Newcastle Herald, by Michael Parris
Newcastle Airport will have a runway and terminal capable of serving long-haul international flights by the end of next year after securing budgeted funding from the federal government.
Airport executives will waste no time in spruiking the new-look terminal to overseas carriers. They plan to travel to Singapore and Kuala Lumpur next month for high-level meetings with Singapore Airlines, Scoot and AirAsia X about flying in and out of Newcastle.
Deputy Prime Minister Barnaby Joyce was at Williamtown on Thursday to announce the government will fully fund the $55 million terminal building.
Mr Joyce’s office stressed the money was not a campaign promise but came from the Hunter’s $750 million allocation under the new Energy Security and Regional Development Plan announced in last month’s budget.
Airport chairman Kirby Clark and Hunter business and community leaders hailed the terminal funding as a milestone for the region.
The federal government committed $66 million last year to widening and strengthening the runway to accommodate larger aircraft capable of flying to Asia, the Middle East and the US.
Mr Clark said the runway and terminal upgrades would allow the airport to start negotiating with airlines.
“If you can’t land the aircraft, there’s not much to talk about,” he said.
“When the announcement was made on the runway, airlines were really interested in talking to us.
“Today’s announcement will give them far more reason to talk to us.”
As has been obvious during the airport’s discussions to put New Zealand and more domestic destinations on the radar, airlines will establish new routes only if they are sure of selling enough seats on planes.
Singapore is first on the airport’s list of potential new destinations. Asked whether the airport catchment could support 400-seat flights to Asia, Mr Clark said: “Singapore is our Mumbai strategy, our Berlin strategy, our London strategy. Getting people to Singapore opens the world.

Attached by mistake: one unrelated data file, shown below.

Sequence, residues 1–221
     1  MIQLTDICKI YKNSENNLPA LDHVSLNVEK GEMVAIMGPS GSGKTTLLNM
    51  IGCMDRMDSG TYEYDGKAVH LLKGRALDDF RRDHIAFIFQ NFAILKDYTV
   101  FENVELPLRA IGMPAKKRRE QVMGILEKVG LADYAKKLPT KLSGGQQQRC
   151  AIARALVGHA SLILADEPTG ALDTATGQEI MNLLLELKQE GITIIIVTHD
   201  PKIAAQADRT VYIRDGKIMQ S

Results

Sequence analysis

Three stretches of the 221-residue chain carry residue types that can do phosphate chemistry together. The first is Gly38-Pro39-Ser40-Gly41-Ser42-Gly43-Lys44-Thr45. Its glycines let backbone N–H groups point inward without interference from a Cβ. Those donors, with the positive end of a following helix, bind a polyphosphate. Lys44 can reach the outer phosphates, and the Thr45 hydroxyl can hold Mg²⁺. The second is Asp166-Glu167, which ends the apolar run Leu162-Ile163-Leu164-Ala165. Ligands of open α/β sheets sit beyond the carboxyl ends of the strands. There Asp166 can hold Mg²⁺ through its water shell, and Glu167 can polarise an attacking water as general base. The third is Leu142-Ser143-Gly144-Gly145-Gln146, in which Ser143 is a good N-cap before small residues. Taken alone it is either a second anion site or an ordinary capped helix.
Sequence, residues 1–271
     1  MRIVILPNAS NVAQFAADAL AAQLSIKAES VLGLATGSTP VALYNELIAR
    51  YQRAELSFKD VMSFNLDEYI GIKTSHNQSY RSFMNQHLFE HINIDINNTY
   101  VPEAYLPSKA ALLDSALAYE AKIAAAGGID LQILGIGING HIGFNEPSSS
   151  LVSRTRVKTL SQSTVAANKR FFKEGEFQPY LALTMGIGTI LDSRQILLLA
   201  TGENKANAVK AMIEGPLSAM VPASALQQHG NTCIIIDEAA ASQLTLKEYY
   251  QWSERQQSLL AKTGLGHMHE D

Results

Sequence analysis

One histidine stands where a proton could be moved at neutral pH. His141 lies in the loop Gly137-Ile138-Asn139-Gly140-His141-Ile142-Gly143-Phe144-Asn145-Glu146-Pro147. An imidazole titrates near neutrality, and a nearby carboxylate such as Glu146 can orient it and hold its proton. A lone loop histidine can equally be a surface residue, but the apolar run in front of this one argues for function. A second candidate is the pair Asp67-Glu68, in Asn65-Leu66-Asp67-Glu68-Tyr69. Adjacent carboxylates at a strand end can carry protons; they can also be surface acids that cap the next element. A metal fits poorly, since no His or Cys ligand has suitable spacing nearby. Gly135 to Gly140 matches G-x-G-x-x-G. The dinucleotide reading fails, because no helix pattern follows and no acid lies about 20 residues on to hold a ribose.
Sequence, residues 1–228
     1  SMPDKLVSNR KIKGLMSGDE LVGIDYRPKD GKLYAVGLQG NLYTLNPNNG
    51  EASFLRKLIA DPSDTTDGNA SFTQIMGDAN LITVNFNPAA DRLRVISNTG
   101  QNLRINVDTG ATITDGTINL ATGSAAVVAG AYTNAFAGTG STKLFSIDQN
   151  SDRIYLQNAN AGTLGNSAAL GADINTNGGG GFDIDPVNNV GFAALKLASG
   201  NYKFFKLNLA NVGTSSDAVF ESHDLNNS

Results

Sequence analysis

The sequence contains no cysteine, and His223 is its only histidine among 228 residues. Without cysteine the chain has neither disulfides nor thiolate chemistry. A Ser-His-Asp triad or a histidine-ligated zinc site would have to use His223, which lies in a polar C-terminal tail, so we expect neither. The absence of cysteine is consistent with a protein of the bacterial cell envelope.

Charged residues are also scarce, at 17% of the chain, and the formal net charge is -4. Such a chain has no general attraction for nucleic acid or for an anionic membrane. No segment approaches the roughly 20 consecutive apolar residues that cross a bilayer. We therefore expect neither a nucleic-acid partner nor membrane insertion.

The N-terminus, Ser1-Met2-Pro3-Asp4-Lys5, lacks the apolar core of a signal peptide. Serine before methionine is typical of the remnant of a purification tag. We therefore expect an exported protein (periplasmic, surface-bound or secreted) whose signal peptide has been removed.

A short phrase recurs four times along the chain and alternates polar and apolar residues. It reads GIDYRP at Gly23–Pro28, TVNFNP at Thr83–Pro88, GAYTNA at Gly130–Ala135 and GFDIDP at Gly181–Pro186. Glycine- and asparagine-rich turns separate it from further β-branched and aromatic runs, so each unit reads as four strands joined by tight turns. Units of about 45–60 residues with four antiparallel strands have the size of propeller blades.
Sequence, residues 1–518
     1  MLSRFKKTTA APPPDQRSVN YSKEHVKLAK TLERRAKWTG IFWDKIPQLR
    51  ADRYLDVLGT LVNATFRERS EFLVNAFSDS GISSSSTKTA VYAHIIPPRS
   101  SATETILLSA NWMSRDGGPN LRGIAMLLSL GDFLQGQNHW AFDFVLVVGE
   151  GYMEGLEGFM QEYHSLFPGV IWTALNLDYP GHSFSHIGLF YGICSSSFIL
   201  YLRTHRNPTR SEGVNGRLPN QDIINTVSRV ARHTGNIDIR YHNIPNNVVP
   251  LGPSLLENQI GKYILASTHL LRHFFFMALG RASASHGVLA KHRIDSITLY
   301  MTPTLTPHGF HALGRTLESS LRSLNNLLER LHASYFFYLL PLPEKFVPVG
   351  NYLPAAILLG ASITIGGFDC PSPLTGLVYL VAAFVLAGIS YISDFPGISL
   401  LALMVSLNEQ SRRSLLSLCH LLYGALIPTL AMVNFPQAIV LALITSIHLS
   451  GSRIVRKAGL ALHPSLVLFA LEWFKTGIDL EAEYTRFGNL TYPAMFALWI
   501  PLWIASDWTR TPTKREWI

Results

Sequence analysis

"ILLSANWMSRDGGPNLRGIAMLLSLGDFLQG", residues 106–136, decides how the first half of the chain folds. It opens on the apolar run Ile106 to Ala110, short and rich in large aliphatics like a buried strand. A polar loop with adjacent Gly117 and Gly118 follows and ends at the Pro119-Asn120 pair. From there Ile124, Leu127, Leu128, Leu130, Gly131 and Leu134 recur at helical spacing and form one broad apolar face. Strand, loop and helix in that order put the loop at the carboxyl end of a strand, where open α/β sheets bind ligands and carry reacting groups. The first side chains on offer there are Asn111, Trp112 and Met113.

“Singapore Airlines alone services 107 locations out of Singapore.
“It’s attractive to the airlines because it’s an opportunity to take a bigger share of the Australian market by not having to compete in Sydney with other airlines and being able to be closer to their customers.
“This region, with 1.3 million people, can support multiple international routes.”
Business Hunter chief executive Bob Hawes said many overseas and domestic carriers preferred smaller airports because they could “get a better deal” on fees.
He said the new terminal had the potential to bring in thousands of tourists and boost regional exports of wine, farm produce, seafood and technology.
“It’s an enormous opportunity for the region,” he said.
“Now it’s incumbent on us to get all our other visitor infrastructure, our logistics, transport links up to scratch.”
The Hunter’s budgeted allocation under the regional development plan also includes the $56 million Mr Joyce announced on Thursday for upgrading Mandalong Road at Morisset.
The regional plan still has $270 million left sitting in it for the Hunter.
The government announced on budget day that it had allocated $100 million for a Newcastle hydrogen hub and $268 million for Muswellbrook bypass under the plan.
Committee for the Hunter chief executive Alice Thompson said regional advocates could now happily cross the airport, hydrogen hub and Mandalong Road off their wish lists.
“These kind of announcements give the business community and councils certainty and direction,” she said.
“The Mandalong Road funding could trigger more ambitious plans for the Eraring Power Station precinct.”
Labor committed $30 million to the Morisset project last month and said on Thursday that it would honour the budget allocation for the airport if elected.